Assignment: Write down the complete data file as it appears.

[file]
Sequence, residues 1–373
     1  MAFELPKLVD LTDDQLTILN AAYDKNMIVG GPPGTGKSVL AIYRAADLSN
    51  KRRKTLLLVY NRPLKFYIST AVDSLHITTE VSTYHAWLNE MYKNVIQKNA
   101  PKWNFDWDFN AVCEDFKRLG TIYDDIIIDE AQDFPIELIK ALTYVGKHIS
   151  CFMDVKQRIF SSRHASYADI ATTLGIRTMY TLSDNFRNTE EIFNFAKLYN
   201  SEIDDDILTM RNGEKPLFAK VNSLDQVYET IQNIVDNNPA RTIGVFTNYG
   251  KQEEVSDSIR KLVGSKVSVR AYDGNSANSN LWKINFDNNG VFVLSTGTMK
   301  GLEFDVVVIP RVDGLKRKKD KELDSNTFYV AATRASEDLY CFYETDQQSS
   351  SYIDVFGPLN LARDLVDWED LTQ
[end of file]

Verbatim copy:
Sequence, residues 1–373
     1  MAFELPKLVD LTDDQLTILN AAYDKNMIVG GPPGTGKSVL AIYRAADLSN
    51  KRRKTLLLVY NRPLKFYIST AVDSLHITTE VSTYHAWLNE MYKNVIQKNA
   101  PKWNFDWDFN AVCEDFKRLG TIYDDIIIDE AQDFPIELIK ALTYVGKHIS
   151  CFMDVKQRIF SSRHASYADI ATTLGIRTMY TLSDNFRNTE EIFNFAKLYN
   201  SEIDDDILTM RNGEKPLFAK VNSLDQVYET IQNIVDNNPA RTIGVFTNYG
   251  KQEEVSDSIR KLVGSKVSVR AYDGNSANSN LWKINFDNNG VFVLSTGTMK
   301  GLEFDVVVIP RVDGLKRKKD KELDSNTFYV AATRASEDLY CFYETDQQSS
   351  SYIDVFGPLN LARDLVDWED LTQ